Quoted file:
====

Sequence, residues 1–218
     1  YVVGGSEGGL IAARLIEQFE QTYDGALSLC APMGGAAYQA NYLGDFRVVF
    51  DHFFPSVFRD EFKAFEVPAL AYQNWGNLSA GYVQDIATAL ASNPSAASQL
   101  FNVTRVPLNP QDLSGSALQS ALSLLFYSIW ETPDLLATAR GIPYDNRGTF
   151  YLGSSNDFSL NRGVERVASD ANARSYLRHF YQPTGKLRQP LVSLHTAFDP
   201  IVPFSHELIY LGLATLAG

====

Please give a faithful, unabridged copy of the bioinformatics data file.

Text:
Sequence, residues 1–218
     1  YVVGGSEGGL IAARLIEQFE QTYDGALSLC APMGGAAYQA NYLGDFRVVF
    51  DHFFPSVFRD EFKAFEVPAL AYQNWGNLSA GYVQDIATAL ASNPSAASQL
   101  FNVTRVPLNP QDLSGSALQS ALSLLFYSIW ETPDLLATAR GIPYDNRGTF
   151  YLGSSNDFSL NRGVERVASD ANARSYLRHF YQPTGKLRQP LVSLHTAFDP
   201  IVPFSHELIY LGLATLAG